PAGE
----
Deterioration of a Concrete Thickener Tank

FPrimeC was engaged by the client to evaluate the present condition of a Concrete Thickener Tank in a Gold Mine facility in Ontario, Canada. A preliminary assessment of the tank revealed the following key problems concerning the durability and structural integrity of the concrete structure:

  • Degradation of concrete
  • Extensive concrete cracking
  • Weeping/leaking cracks
  • Localized sign of soft and loose concrete) of concrete thickener tank.
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Formulating the Right Condition Assessment Plan

Upon reviewing the initial data and results from the preliminary site visit,  and further communication with the client, FPrimeC formulated a comprehensive structural condition assessment program to evaluate the structural and durability performance of the tank, and identify all repair and maintenance needs. The main objective of this condition assessment was to:

  • Assess the existing condition of the thickener tanks
  • Determine the root cause of the problem (poor quality concrete vs. chemical attack by material inside tank)
  • Identify the extent and severity of defects; and
  • Provide preliminary repair/rehabilitation options.

The detailed digital inspection followed by a comprehensive multi-technology Nondestructive Testing and Evaluation (NDT-E) program for the condition assessment of concrete thickener tank. The Nondestructive evaluation was validated through a carefully designed intrusive assessment and involved obtaining a limited number of core samples for compressive strength evaluation, as well as petrography examination.

  • Digital Inspection (LiDAR capture)
  • In-Situ Non-Destructive Testing:
    • Ultrasonic Pulse Velocity
    • Ultrasonic Pulse-Echo (UPV)
    • Rebound Hammer (RH)
  • Concrete Core Extraction:
    • Compressive Strength 
    • Petrographic examination,
    • Surface Electrical Resistivity
    • Cross Width Ultrasonic Pulse Velocity 

Digital Inspection of Concrete Tanks

With a total outer diameter of 53m, and an average free height of 4m, the exterior area of concrete thickener tank was more than 600 m2.  FPrimeC used a unique digital inspection technology to map the visual condition of the tank using 3D LiDAR capture, laser measure and camera. For this inspection, the Ontario Structure Inspection Manual (OSIM) and ACI Visual Condition Survey of Concrete- Guide (ACI PRC-228.4-23) were used. Where applicable, a standard crack width gauge was used to determine the crack width at multiple test stations along the length of each crack.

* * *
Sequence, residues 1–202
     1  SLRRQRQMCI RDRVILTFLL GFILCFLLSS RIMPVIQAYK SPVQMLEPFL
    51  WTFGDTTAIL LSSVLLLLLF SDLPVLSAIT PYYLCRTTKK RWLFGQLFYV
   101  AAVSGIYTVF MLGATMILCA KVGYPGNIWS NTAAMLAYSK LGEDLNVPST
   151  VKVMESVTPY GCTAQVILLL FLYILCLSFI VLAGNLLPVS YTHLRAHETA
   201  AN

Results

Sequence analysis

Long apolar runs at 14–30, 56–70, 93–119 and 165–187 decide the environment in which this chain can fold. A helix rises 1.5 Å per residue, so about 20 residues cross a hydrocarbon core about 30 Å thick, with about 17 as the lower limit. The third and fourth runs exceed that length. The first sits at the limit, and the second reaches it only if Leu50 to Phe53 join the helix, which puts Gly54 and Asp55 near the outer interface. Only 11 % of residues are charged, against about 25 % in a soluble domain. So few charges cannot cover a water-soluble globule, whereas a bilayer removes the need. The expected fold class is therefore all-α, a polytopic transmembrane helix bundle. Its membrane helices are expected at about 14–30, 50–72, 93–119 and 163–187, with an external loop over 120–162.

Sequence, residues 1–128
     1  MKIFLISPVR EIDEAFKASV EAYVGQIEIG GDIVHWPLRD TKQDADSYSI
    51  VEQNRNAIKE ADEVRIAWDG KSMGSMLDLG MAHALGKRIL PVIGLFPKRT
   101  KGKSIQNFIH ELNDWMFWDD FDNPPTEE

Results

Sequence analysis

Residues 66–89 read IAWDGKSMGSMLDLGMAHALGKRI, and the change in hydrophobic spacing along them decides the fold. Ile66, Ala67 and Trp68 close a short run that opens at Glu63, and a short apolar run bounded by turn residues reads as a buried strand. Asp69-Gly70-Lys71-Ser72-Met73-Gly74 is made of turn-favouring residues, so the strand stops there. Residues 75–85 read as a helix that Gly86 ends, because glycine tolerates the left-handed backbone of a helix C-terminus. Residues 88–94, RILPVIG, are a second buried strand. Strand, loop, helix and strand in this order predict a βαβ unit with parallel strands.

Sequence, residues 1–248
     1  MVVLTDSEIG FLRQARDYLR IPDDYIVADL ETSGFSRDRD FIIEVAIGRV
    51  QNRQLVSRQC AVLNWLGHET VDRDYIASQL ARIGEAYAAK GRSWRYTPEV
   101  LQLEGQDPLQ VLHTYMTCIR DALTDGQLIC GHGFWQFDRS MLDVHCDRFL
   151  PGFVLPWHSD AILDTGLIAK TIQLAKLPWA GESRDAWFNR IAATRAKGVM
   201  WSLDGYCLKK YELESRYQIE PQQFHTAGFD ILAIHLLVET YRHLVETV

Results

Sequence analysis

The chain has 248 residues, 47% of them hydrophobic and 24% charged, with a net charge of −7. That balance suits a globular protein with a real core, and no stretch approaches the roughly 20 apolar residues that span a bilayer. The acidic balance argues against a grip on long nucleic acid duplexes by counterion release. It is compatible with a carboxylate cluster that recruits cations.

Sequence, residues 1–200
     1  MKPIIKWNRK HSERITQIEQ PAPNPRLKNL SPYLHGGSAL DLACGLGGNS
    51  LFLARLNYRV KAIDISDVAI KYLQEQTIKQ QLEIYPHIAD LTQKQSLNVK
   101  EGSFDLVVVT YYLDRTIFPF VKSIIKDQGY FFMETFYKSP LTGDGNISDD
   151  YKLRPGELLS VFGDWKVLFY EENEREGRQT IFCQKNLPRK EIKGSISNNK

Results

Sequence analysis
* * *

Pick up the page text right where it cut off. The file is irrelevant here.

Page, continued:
The procedure allowed FPrimeC to map out all major anomalies on the surface in an incredibly short timeline (less than 8 hours). The LiDAR captures were stitched and analyzed using our in-house suit of software.

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In-Situ Non-Destructive Testing of Thickener Tank

1. Ultrasonic Pulse Echo

Ultrasonic Pulse Echo (UPE) was used to investigate the quality and structural integrity of the concrete, based upon ACI Committee 228 standards. The UPE testing consists of a dry contact shear transducer array, which does not require coupling agent between the transducers and concrete surface. This technique transmits a stress pulse into the material, which propagates and reflects off flaws or interfaces. By analyzing the time it takes for these waves to travel and knowing the material’s speed, thickness can be evaluated.  The results helped FPrimeC identify areas with potential sub-surface anomalies and defects.

2. Schmidt Hammer (Rebound Hammer) 

The Rebound Hammer test was used to assess uniformity and quality of the concrete. This method has been developed through different standards and guidelines such as the ASTM C 805 “Standard Test Method for Rebound Number of Hardened Concrete”, and ACI 228.1R “In-Place Methods to Estimate Concrete Strength”. This test consists of measuring the rebound of a spring driven hammer mass after its impact with concrete. The rebound test helped FPrimeC engineers identify areas with potential surface anomalies across the large area of the thickener wall.

Intrusive Assessment